Ethiopia weighs the multiple advantages of harnessing its hydropower dams potential

It is generally agreed that nothing is perfect on Earth. This claim includes the production of electricity the construction of hydro electric power dams. Hydroelectric-production facilities are indeed not perfect starting from the cost of building the dam up to the negative effects on the environment and local ecology. But if we weigh the advantages over the disadvantages we can see that there are a number of advantages of hydroelectric-power production as opposed to fossil-fuel power production.

Some studies indicate that over the last two decades, almost 1,000 hydropower dams have been built around the globe. Ethiopia, one of the countries in the Horn of Africa, has an abundance of hydroelectric resource potential that can meet the country’s energy demand. However, this energy resource has been underutilized, and the country has one of the lowest per capita consumption rates of electricity.

Currently Ethiopia is undertaking the construction of various hydroelectric power dams in various corners. Despite the huge sum of investment and the other challenges the country weighs the advantages over the disadvantages and is giving due attention for the development of the sector.

Recognizing that energy access and security are critical factors in economic growth, the country has launched a number of hydroelectric projects to meet rising energy demand, as well as a plan to export electricity to neighboring countries.

Hydropower is a clean source because it generates electricity without emitting greenhouse gases or other pollutants: it helps decrease fossil fuel consumption, thereby reducing air pollution and mitigating climate change.

And it provides renewable energy that is unlimited in time. This is because its sources, namely rivers and streams fed by the natural water cycle, are renewed. Furthermore, a hydropower plant does not take water away from the environment. That’s because whatever is removed is completely given back over time: its water footprint is therefore low.

It is also a resource that’s available in a great many countries, which can thus produce energy in a more self-sufficient and sustainable way, thereby reducing the need to import raw materials.

Hydropower is better for the environment than other major sources of electrical power, which use fossil fuels. Hydropower plants do not emit the waste heat and gases—common with fossil-fuel driven facilities—which are major contributors to air pollution, global warming and acid rain. The mining and drilling required to acquire fossil fuels for other power sources also have a significant negative environmental impact.

Many hydropower plants are located in the headwaters of river basins where they can help control the wide fluctuations in water flow commonly found in these areas. By increasing water flow during dry months these projects help to enhance aquatic habitats. Conversely, by reducing flow during periods of heavy runoff the plants can prevent damage to vegetation and wildlife along stream banks.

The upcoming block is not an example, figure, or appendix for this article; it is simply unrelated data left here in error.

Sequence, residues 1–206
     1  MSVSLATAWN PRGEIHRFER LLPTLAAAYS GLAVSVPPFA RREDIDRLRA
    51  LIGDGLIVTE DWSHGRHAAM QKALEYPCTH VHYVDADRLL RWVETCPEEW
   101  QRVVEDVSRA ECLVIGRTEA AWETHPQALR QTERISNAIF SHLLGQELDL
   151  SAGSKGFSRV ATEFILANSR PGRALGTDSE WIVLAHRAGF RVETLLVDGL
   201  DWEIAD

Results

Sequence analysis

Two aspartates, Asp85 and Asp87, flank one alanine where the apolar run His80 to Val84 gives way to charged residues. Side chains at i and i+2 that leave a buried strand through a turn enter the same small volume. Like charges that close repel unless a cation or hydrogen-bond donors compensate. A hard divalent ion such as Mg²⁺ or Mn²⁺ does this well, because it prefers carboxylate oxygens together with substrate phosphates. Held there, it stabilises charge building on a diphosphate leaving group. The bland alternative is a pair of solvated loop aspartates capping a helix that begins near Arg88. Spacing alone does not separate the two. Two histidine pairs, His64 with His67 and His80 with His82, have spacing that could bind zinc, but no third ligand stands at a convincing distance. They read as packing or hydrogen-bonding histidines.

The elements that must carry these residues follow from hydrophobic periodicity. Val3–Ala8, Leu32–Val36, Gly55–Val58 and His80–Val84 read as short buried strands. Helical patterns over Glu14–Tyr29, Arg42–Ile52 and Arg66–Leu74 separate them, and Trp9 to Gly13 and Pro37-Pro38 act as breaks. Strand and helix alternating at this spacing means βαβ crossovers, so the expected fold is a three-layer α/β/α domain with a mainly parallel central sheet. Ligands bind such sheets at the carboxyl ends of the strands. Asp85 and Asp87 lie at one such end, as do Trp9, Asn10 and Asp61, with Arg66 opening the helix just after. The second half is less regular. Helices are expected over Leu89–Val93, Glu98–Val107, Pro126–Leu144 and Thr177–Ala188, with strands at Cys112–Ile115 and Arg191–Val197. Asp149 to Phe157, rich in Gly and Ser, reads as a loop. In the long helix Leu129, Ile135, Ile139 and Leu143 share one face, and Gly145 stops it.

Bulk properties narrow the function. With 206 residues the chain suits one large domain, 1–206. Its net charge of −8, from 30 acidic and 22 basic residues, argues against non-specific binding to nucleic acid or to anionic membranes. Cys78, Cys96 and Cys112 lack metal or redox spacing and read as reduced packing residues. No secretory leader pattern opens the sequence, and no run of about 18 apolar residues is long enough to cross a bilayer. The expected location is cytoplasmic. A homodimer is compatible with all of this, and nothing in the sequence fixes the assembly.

Faced with water availability that can vary over time, power plants are extremely flexible. Generating systems require a very small amount of energy in order to come on line, so much so that in a matter of minutes even a large plant can go from being idle to full power, and vice versa. This responsiveness depends on the type of turbine used and the management of water flows.

A pumped storage hydropower plant acts as an energy store: excess electricity generated by wind or solar plants when weather conditions are favorable can be used to pump water into the upper reservoir. Later, when there is no sun or wind, the water can be used in order to generate electricity through turbines. In this way, the hydropower plant has a stabilizing effect on the power grid.

A hydropower plant not only generates electricity, but it also interacts with the area in which it is located by contributing to its development.

First and foremost, it brings a clear benefit to the environment: the amount of water that is released (after generating power) can be controlled over time and with great precision, both in terms of flow rate and total volume. This means being able to regulate the flow continuously, thus greatly reducing the risk of flooding during heavy rains, which also benefits crops in irrigated areas downstream.

Hydropower plants help improve the health of waterways: on the one hand, the regularization of flows can help reclaim marshy areas by reducing the accumulation of standing water; on the other, the plant’s infrastructure retains branches, trees and other solid objects, thus facilitating the navigability of rivers downstream.

Pedestrian paths are created around a reservoir, for operational purposes, and these can also be made available for tourist use. Where possible, bicycle paths can be set up around dams, and this also enhances areas that often feature beautiful scenery.



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